Thursday, February 19, 2009

The NC Botanical Garden, or A Favorite Garden Center (NCBG) Part III

As I wrote earlier, I've gotten a lot of plants from The Botanical Garden. Some were purchased as plants, such as this trout lily. There is a bank in the woods at the Garden that is covered in trout lilies every March. That hillside is an amazing sight in early spring. I've read the secret to trout lilies is to feed them just enough to get them to divide, but not too much or they won't bloom.

The Garden has purple, white, and all shades in between of Iris cristata. I have a purple one that I got from Niche and this one from the Botanical Garden which grows in the bed on the east side of my house. It almost exactly matches the color of Phlox divaricata "Clouds of Perfume".

I already have Geranium maculatum here, but the one at the Garden is a bit different. The flowers
have smooth margins and are a brighter pink. It really does magically light up a shady corner.

This is the Geranium we found on the farm; it's paler and more of a lavender color.

I bought this Sweet Betsy as a plant. I wasn't able to buy it in flower but the leaves
were so aromatic that it seemed like a good bet. It was. It's deliciously fragrant.

Iris brevicaulis is the last iris to bloom in my garden, usually in June. One plant
will spread to 3 feet square and the powder blue/violet flowers are large with short stalks.

The rest of the plants I've gotten from the Garden I grew from seed.

I love growing plants from seed. I love the economy of it but really I love the process more than
anything else. The Garden has sent out its Native Plant Seed List this year, which is always a big
deal in my household. Choosing seeds from the Garden is a rite of early spring. Since none of the
seeds requires more than a month's cold stratification, receiving them in March or April is perfect
timing. Most of the offered seeds are from perennials with a few shrubs and annuals.
This list goes up to 50 and members get to choose 8, plus the 2009 Wildflower of the Year, which this year is Piedmont Batchelor's Button's (Marshallia obovata var. obovata). The list of 50 gets added to and rotated, so it's different every year.

The following were grown from seed from the Garden. There probably have been as many failures as successes but in my mind the practice has been a resounding success. :)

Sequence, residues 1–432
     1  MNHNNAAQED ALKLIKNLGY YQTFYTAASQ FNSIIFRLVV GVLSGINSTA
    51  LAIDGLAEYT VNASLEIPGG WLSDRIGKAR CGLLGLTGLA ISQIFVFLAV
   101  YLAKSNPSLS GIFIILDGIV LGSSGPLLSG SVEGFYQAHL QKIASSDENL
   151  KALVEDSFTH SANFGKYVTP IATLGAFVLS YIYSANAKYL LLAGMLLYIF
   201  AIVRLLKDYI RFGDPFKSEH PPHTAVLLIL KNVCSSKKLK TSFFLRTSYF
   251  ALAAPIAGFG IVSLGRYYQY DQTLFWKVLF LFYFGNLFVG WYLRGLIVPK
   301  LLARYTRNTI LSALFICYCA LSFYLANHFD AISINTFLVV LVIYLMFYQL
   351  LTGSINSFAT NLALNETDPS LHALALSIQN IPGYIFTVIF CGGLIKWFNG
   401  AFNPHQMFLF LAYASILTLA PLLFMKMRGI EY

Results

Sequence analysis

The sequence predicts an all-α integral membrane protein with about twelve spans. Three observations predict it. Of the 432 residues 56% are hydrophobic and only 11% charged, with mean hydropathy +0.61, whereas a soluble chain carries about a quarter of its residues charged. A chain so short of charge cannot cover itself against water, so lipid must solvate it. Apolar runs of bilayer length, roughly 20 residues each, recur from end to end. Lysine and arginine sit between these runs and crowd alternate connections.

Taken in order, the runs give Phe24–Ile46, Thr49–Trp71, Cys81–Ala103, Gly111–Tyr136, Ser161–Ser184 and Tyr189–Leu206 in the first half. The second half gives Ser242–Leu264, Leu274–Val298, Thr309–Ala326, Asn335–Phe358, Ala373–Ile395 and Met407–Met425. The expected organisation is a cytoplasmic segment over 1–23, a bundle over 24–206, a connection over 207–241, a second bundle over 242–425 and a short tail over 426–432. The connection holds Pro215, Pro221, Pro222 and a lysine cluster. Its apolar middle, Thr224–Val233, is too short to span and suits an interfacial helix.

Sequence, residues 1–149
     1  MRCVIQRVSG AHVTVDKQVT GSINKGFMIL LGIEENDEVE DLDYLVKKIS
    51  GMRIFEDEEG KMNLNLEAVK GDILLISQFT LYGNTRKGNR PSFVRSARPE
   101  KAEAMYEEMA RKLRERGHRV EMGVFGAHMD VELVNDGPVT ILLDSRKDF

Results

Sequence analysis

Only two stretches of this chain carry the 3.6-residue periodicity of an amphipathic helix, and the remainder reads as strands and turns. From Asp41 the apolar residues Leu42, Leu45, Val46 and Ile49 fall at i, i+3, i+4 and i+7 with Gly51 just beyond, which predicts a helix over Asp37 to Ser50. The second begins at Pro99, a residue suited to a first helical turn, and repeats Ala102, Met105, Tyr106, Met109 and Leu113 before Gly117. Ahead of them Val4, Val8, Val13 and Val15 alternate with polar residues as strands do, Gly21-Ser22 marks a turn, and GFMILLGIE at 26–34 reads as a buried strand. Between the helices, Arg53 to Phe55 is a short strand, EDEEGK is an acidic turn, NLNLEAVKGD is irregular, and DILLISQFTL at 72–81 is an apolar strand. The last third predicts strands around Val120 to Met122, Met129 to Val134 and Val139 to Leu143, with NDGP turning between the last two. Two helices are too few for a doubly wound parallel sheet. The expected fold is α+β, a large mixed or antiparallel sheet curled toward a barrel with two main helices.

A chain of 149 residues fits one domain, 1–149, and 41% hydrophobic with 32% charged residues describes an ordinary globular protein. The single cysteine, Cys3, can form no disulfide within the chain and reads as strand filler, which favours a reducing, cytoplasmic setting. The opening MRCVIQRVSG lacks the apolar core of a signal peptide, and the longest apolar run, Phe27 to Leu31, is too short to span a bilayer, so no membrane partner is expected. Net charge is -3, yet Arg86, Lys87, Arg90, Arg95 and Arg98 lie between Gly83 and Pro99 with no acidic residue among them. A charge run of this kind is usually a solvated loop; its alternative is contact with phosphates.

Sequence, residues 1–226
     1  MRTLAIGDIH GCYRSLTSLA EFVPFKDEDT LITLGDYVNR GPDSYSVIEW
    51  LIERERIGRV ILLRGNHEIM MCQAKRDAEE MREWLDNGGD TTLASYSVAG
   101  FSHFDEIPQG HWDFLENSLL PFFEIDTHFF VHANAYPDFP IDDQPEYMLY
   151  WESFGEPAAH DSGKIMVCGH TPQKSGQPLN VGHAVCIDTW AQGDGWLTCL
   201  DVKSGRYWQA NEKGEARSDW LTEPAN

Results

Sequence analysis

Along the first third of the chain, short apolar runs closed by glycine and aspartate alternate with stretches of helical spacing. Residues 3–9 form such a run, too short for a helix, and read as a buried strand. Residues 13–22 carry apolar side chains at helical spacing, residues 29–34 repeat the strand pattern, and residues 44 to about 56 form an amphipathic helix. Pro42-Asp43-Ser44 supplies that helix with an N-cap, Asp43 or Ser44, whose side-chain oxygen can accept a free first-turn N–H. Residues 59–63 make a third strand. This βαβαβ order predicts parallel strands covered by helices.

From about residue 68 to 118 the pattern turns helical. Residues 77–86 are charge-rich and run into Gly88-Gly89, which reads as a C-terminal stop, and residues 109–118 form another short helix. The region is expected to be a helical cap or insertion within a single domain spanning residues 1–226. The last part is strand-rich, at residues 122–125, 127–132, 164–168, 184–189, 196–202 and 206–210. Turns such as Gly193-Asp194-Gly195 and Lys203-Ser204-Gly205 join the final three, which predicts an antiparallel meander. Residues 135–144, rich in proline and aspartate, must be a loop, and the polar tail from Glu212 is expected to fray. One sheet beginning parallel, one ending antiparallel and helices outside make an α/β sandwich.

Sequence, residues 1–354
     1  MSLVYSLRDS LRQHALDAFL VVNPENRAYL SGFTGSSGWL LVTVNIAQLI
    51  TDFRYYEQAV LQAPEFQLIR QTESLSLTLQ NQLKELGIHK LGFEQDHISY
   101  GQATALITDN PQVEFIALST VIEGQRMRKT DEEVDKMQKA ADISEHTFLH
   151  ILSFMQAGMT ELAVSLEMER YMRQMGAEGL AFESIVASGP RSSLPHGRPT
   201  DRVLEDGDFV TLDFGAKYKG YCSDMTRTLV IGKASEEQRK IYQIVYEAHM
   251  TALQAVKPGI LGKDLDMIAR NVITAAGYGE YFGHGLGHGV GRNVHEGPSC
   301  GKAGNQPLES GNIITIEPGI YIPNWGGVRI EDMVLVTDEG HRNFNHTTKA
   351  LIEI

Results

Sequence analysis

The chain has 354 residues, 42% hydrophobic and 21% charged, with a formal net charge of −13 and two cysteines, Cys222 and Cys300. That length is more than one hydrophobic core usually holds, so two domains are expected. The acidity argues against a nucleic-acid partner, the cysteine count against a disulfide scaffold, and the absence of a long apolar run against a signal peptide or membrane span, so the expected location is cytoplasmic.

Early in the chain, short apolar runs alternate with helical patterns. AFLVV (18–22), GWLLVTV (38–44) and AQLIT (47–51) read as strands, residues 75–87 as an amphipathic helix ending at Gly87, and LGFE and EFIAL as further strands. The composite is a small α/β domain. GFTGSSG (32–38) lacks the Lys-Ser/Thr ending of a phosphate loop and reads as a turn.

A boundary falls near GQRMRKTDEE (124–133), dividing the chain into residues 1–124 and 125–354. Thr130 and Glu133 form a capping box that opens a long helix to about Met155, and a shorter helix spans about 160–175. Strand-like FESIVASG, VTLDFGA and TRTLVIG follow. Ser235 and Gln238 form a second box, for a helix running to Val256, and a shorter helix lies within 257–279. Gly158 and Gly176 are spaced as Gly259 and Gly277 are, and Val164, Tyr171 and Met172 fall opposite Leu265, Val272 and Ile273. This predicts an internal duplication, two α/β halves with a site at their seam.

Eastern Columbine usually provides the first nectar for migrating
hummingbirds. This is a pale version of the typical red-and-yellow wildflower.

Our native Jacob's Ladder has been very successful here. Wet,
dry, sun, shade, it does very well. Like Phlox divaricata

This one is a bit more lavender than the normal pale sky blue.

Either Penstemon digitalis or laevigatus

Eastern Gray Beardtongue (Penstemon canescens)

Showing its magical bluish-purple color in shade.

Carolina bush pea (Thermopsis villosa), a plant native to mountain balds in the Appalachian range
but performs just as well in the Piedmont. The flower stalks of this legume can get up to 5 feet high.

To be continued...


  1. Such beauties! I am trying to get more wildflowers here like your trout lilies. Good advice on the seeds starting.

  2. What a great assortment. The second geranium is unusual. Love the leaves on the trout lily. This was a great post, I really enjoyed seeing these plants.

  3. I love plants that give small sweet flowers. You have some of those. And your last picture, lucky you, you got the bee...

  4. Tina I got into starting plants from seed after losing so many plants in our clay subsoil. When we first moved here the only place we had to garden were places that had been graded and cleared of topsoil. Talk about an uphill battle!

    With seeds, mass production, no need to mourn the loss of a plant. :)

  5. Marnie I really like the second geranium too. I love both geraniums and I love that they look quite different. My husband found that geranium next to one of the pastures. It has since been divided about 50 ways.

    The marbling of the leaves on the trout lily is very decorative. It goes so well with fallen leaves on the floor of a hardwood forest.

  6. Blossom I love the decorative legumes, like Carolina Bush Pea and Baptisias. Bees like them too. :)

  7. You have some real beauties there. I've seen the trout lilies in our woods here. They're so sweet.
    I'd like to try growing penstemon here.
    Botanical gardens are wonderful places. I wish we lived nearer to one.
    Last March we visited the Brooklyn Botanic Gardens in NY City. What a fantastic place!

  8. Kerri we're lucky to live within an hour's drive of our Botanical Garden. It is a special place.

  9. I don't know if I've seen trout lilies before. They are sweet. I love your other flowers, too. I can't remember what the yellow blooms are, but they may be my favorite.

  10. Keep the tour coming Sweetbay...I am in Wildflower and native heaven! Aren't penstemmons just about perfect! The bees think so, too. Nice capture on the thermopsis! Thank you,



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